Movies

36th Chamber of Shaolin (Chia-Liang Liu, 1978). This Gordon Liu kung fu classic has a horrible plot but some of the best Shaolin training sequences ever made.

Above the Law (Andrew Davis, 1988). This Steven Seagal action flick plausibly combines gunplay and martial arts in a modern setting.

Adventures of Robin Hood, The (Michael Curtiz, 1938). Features a Basil Rathbone vs. Errol Flynn fencing duel, plus cinematic archery!

Batman Begins (Christopher Nolan, 2005). This Batman remake sets a quest for the master (with an interesting turn), ninja, and a revenge quest against a superheroic backdrop.

Big Trouble in Little China (John Carpenter, 1986). An overconfident trucker gets entangled in magic and martial arts in San Francisco's Chinatown. First American attempt at a wuxia film is a mixed bag, but fun.

Bruce Lee: A Warrior's Journey (John Little and Bruce Lee, 2000). This documentary on Bruce Lee's life and his unfinished final film, Game of Death, has great footage of Lee in action - both in "cinematic" form and demonstrating his true skills.

Dirty Ho (Chia-Liang Liu, 1979). Groundbreaking kung fu comedy, with death-touch, proxy fighting, and a gullible thief dragooned into helping a master with a secret.

Drunken Master II (Chia-Liang Liu, 1994). Outstanding nonstop action and drunken-style kung fu. Possibly Jackie Chan's best work - although every Chan movie should be considered inspirational for comic games!

Duellists, The (Ridley Scott, 1977). Two Napoleonic officers are locked in an affaire d'honneur. Features duels with sabers and smallswords, and even one on horseback. Based on a Joseph Conrad story.

Enter the Dragon (Robert Clouse, 1973). Bruce Lee's influential final film introduced many common "action movie" tropes. Also check out The Big Boss (Wei Lo, 1971), The Chinese Connection (Wei Lo, 1972), and Return of the Dragon (Bruce Lee, 1972) - the first two of which are both sometimes called Fists of Fury.

Fatal Flying Guillotines, The (Raymond Lui, 1977). Cheesy kung fu action, unlikely weapons, bad acting, and poor dubbing make this worthy viewing for those running silly campaigns!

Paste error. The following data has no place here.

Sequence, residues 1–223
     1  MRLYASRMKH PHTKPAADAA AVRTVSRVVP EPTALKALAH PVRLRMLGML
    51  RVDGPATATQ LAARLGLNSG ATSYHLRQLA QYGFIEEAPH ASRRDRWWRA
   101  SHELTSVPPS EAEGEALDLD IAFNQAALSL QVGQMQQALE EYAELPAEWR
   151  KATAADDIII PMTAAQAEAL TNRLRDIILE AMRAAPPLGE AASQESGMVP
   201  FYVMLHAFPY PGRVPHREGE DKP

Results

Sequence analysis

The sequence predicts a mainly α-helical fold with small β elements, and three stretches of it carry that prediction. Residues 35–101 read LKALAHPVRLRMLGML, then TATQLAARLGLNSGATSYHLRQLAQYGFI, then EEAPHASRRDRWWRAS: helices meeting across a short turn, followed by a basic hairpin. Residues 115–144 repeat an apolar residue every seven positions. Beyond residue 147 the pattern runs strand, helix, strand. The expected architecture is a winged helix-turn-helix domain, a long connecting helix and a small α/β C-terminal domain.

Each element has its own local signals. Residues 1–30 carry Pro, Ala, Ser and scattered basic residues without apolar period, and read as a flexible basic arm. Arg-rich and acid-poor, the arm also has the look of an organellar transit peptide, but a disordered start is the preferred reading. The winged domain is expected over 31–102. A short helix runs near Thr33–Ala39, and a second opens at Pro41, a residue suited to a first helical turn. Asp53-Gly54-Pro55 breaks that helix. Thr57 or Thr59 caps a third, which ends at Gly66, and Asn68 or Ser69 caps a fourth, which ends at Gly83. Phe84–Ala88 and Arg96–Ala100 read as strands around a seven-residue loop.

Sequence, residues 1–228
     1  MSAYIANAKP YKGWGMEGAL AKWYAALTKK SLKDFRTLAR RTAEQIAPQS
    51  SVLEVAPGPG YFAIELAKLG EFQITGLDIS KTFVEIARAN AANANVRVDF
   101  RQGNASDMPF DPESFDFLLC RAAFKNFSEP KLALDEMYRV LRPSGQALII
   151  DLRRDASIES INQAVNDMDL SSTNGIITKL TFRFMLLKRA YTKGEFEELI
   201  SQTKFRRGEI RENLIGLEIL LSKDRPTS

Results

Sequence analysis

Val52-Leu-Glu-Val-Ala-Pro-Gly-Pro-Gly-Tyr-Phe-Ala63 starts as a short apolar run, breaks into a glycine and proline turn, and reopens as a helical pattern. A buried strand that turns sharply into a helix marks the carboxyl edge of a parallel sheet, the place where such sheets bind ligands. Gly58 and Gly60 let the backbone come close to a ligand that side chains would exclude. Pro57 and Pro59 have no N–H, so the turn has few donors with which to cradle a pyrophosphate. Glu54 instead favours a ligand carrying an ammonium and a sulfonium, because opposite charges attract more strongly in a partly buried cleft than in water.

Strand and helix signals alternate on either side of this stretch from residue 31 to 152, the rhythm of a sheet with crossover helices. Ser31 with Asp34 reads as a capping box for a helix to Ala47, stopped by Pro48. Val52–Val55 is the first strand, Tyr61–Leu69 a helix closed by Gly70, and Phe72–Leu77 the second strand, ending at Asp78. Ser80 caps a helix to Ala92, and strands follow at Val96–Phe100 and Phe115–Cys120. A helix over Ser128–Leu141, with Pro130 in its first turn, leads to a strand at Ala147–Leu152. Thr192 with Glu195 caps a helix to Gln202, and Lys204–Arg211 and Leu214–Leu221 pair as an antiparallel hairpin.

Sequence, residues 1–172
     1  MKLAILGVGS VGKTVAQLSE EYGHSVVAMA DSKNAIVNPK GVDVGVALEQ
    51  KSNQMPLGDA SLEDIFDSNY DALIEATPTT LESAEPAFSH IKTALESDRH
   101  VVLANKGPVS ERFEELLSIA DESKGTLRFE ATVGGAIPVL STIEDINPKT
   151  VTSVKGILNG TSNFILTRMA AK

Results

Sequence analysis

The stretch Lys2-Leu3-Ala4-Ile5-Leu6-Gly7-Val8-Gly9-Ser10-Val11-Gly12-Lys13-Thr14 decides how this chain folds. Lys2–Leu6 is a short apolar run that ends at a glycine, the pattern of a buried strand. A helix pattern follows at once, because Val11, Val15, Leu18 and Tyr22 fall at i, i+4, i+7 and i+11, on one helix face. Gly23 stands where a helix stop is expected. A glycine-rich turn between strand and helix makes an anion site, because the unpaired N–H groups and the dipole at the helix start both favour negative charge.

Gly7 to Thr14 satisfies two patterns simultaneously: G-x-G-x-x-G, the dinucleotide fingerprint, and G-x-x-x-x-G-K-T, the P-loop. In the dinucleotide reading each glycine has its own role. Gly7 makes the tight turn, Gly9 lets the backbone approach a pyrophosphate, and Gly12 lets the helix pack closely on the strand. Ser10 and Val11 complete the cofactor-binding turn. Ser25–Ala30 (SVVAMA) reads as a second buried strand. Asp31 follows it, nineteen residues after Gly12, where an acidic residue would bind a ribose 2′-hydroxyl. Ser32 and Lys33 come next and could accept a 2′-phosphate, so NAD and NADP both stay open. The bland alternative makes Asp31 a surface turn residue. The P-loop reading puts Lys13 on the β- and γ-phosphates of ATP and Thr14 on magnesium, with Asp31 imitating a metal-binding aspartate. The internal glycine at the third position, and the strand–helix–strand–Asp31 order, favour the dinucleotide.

Hero (Yimou Zhang, 2002). A story of assassination and philosophy - told and retold several times as lies and deceptions are unmasked. Features beautiful wuxia action.

Karate Kid, The (John G. Avildsen, 1984). A bullied teen gets tutored in karate by an Okinawan master (played brilliantly by Noriyuki Morita).

Kill Bill: Vol. 1 and Vol. 2 (Quentin Tarantino, 2003 and 2004). Tarantino's two-part homage to kung fu, revenge, samurai, and the Hollywood Western. Volume 1 features a samurai-movie swordfest and a killer schoolgirl. Volume 2 features an Ancient Master, cinematic martial-arts training, and a Western-style brawl.

Kung Fu Hustle (Stephen Chow, 2004). Gangster-wannabes trigger an escalating war between martial-arts masters. Mixes kung fu with dancing! The equally fun Shaolin Soccer (Stephen Chow, 2001) combines kung fu with soccer.

Once Upon a Time in China (Hark Tsui, 1991). Features Jet Li as Wong Fei-Hung. This movie and its many sequels (especially the first two) feature great martial-arts action set amidst Chinese nationalism and Western colonialism in late-19th century China.

Ong-bak (Prachya Pinkaew, 2003). A Thai villager - and Muay Thai and Krabi Krabong expert - uses flying knees and elbows to punish religious-artifact thieves.

Raging Bull (Martin Scorsese, 1980). This searing look at mid-20th century pro boxing features brutal fight scenes. Required viewing for a contender campaign!

Rocky (John G. Avildsen, 1976). A young boxer (a well-cast Sylvester Stallone) struggles for an unlikely title shot. Great training sequences. The sequels are formulaic.

Seven Samurai, The (Akira Kurosawa, 1954). Seven ronin help poor villagers defend themselves against bandits. A classic plot - and a fine example of how to assemble an "adventuring team" with diverse martial-arts experience and backgrounds.

Silent Flute, The (Richard Moore, 1978). A young seeker - accompanied by a blind, flute-playing master - sets out to defeat a legendary foe. Bruce Lee collaborated on the writing. Originally released as Circle of Iron.

Spartacus (Stanley Kubrick, 1960). A slave is trained as a gladiator before leading a revolt against Rome. Great training sequences, a famous gladiatorial duel, and an inspiring transition from a contender theme to a quest/war story.

Swordsman II (Siu-Tung Ching and Stanley Tong, 1991). A powerful warlord emasculates himself to achieve mystical powers. The heroes must use their own cinematic skills to stop him. Magic-heavy wuxia action ensues.

Three Musketeers, The (Richard Lester, 1973). This film and its sequel, The Four Musketeers (1974), feature excellent swashbuckling action.

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